My biggest fuss has to do with spacing. It’s a cramped going in portrait, and only slightly better in landscape… even in phablet-sized devices. Obviously, there is gonna be a trade-off been accuracy and sizing of the input area, but I did come away with the feeling that it works best on tablets.

Weirdly enough, even though the capture process does its thing, I’m faster using a swipe keyboard. This is due to the slight delay that occurs while the app recognizes an entered word; these add up.

I’d be lying if I said that I didn’t find this option intriguing. Despite the growing pains, it feels like a relatively well-thought out concept, and it works well in real life.

Google Messenger Review

Google Messenger Review

Mar 24, 2015

As Android continues to mature, one of the cooler aspects is the way Google has seen fit to not only build its version of mobile utilities, but to also serve a lot of its apps à la carte. Keep, Calendar, Keyboard, etc are great parts of the OS, but pay of their charm is that they are optional pieces.

When it comes to messaging, most observers would probably agree that Android is very, uh… well… an area of opportunity. Definitely not from a lack of options. Oh no. Between Voice, Hangouts and the deprecated Talk, there are quite a few communication tools. And now, the relatively new Messenger throws its hat into the muddled ring.mes2

Messenger is Google’s homogeneous answer to Android device SMS and MMS communication. It’s a slim offering that acts as a replacement for OEM/carrier messaging apps.

Off the bat, it possesses that streamlined, familiar look that Google is clearly looking for with Material Design. There is a lot of white space and blue accents, with the chatted-with contacts appearing as icon circles towards the top left; for each one, there is a text to the right highlighting the last sent/received communication. To the top right, one gets a search button and the three-dot menu, and at the bottom right, there is a circled “+” button for starting new conversations.

When a contact is selected from the main screen (or a new one initiated), the same mostly white motif shows up. Each sequence is denoted by defined chat bubbles, with the user postings aligning right and the person being chatted with gets their words slanted to the left. From the individual contact settings, one can personalize the colors somewhat, such that the text bubble of the contact can be shaded. Calls can also be initiated directly from the individual “pages.”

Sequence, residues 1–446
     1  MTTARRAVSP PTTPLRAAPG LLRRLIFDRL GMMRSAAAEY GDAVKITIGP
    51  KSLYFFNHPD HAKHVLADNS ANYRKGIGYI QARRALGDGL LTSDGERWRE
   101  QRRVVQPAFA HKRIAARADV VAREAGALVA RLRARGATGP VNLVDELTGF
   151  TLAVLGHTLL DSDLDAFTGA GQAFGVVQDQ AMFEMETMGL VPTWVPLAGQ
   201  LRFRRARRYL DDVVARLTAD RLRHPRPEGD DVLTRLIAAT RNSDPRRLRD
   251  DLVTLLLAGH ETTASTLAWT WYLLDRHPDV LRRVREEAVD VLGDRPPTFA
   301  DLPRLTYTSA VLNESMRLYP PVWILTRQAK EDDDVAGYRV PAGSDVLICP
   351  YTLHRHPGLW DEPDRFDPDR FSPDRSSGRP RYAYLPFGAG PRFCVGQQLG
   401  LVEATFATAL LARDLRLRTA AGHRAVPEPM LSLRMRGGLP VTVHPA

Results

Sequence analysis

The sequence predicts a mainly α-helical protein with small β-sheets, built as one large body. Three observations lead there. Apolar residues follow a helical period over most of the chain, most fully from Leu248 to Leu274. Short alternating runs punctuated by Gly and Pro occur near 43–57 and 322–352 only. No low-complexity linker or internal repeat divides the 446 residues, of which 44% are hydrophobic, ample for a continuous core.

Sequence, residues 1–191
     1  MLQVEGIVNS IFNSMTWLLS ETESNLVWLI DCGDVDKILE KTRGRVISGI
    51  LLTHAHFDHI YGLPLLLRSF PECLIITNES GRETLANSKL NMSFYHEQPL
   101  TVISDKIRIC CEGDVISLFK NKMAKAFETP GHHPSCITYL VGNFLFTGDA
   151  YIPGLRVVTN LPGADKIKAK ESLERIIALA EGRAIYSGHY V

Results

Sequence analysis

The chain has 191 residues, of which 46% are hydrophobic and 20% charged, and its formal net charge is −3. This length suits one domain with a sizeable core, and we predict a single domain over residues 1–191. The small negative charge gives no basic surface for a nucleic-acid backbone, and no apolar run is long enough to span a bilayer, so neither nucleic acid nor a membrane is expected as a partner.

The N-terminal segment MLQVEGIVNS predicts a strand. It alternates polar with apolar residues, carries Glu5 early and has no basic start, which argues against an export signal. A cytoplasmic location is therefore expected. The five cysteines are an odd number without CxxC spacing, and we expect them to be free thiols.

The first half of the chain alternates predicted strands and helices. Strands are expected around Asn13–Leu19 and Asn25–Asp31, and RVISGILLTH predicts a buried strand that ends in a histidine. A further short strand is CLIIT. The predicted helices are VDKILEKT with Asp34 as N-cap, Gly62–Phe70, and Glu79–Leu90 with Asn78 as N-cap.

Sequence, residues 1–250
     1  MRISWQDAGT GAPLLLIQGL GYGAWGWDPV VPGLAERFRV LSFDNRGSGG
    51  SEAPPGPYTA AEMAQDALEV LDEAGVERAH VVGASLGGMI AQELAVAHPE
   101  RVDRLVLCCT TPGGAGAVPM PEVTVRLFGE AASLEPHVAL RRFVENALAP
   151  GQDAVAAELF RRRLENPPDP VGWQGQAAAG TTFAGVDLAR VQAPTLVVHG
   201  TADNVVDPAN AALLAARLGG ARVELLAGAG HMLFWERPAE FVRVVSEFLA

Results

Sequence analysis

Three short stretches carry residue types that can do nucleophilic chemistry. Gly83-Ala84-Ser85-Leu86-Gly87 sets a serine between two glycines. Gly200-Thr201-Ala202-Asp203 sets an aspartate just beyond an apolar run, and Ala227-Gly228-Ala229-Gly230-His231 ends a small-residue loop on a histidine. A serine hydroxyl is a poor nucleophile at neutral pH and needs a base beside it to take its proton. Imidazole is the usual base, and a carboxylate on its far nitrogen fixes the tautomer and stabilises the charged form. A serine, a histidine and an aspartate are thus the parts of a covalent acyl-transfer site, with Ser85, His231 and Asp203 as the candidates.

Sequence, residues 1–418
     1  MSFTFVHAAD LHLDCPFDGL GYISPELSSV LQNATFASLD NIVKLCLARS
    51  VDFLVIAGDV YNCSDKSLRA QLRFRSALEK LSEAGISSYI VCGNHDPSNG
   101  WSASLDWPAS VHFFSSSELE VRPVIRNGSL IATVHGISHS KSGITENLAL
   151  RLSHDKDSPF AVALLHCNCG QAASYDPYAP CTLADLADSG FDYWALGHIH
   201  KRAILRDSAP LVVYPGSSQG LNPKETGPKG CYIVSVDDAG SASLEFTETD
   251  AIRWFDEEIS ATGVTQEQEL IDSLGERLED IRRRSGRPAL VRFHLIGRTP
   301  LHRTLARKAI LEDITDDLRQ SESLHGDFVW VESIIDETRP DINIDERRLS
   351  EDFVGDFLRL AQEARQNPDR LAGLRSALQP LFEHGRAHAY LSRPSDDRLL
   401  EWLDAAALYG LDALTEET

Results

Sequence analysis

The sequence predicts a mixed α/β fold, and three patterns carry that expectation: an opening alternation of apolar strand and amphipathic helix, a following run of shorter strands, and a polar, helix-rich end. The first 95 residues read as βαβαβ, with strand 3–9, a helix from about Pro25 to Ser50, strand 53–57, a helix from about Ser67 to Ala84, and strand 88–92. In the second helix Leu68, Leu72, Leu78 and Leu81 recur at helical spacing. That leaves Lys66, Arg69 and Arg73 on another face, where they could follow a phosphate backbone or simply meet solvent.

The main menu doesn’t provide a whole lot more diversity, but one can set up notifications and set up delivery report.

In practice, it works well, as instant as the built in apps (which isn’t shocking).

It would be nice if there was automatic functionality with Goggle Voice, but it’s hard to knock the clean simplicity. It’s a no-frills presentation that mostly works. Yes, i would have appreciated more customization options, but hey.

Is it good enough to replace built-in options? Yes. It’s not necessarily breathtaking, but merely good enough, and that it an intimidating starting point.

Microsoft Outlook Preview Review

Microsoft Outlook Preview Review

Feb 3, 2015

I admit it: I still use the BlackBerry experience as my mobile email barometer. It probably explains my craving for combined email. Gmail doesn’t have it yet, but hey, it does well at other things.

Can’t blame a guy for looking though, and the recently released Microsoft Outlook Preview game me a great excuse to try something new.

Or new-ish, really. After poking around a bit, it does feel a lot like Acompli, the email utility Microsoft gaffled up a while back. The opening UI is bathed in whites and blues, with clean styling and subtle material design aesthetics.

Formally getting started involves adding an account; Outlook supports IMAP accounts, as well as email sourced from Yahoo, Google, iCloud and (of course) Exchange plus Outlook.com. After the login and acceptance of permissions — there are several — the app gets the required tokens and signs in. I tried it with two Google emails to start, and the login process is mostly seamless, though it was necessary to tweak my IMAP folder setup.

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By default, emails from different accounts show up combined, and the navigational aspects should feel quite familiar to anyone who has used the Gmail Android app. Tapping the three horizontal lines invokes the email folder slide-out, and from here, one can view unread counts as well as manipulate folders. On the main page, it gives one the option of checking “focused” emails, and there is a nifty “quick filter” function that allows one to pull up emails that are unread, flagged or have attachments.

The built-in calendar is a nice touch; it pulls in data from each Google account. It integrates with OneDrive, Box and Dropbox.

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My biggest gripe has to do with the way the app handles Gmail labeling. I like the ability to file emails immediately, and frequently use multiple labels as appropriate, like when a “review request” also contains some “news.” This can’t be done on Outlook just yet; the email can be moved to one file, or none at all. I was a bit dismayed by the lack of integrated tasks, and would have loved some integration with other apps like Light Flow. The navigation seems a bit inconsistent; that back button got me lost more than once. Then, I would have dearly loved more swipe functionality.

Still, for a preview, it is a pretty nice option; it obviously has plenty room to grow. It has a good base, and with Microsoft’s cross-platform push, consumers win.

Root Explorer Review

Root Explorer Review

Jan 12, 2015

Root Explorer looks to accomplish a serious task: give its user access to the file system on the host Android device. It is able to list all the data, in several ways, in such a way that it can be manipulated, on the device itself, without the need for a desktop terminal.